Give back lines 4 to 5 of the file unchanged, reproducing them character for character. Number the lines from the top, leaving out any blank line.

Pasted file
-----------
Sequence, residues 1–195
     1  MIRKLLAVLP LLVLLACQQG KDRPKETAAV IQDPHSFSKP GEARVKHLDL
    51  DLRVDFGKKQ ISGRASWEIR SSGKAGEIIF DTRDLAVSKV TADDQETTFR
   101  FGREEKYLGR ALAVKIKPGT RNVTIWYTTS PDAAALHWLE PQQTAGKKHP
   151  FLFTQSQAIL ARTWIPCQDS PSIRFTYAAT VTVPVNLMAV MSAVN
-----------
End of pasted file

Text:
   101  FGREEKYLGR ALAVKIKPGT RNVTIWYTTS PDAAALHWLE PQQTAGKKHP
   151  FLFTQSQAIL ARTWIPCQDS PSIRFTYAAT VTVPVNLMAV MSAVN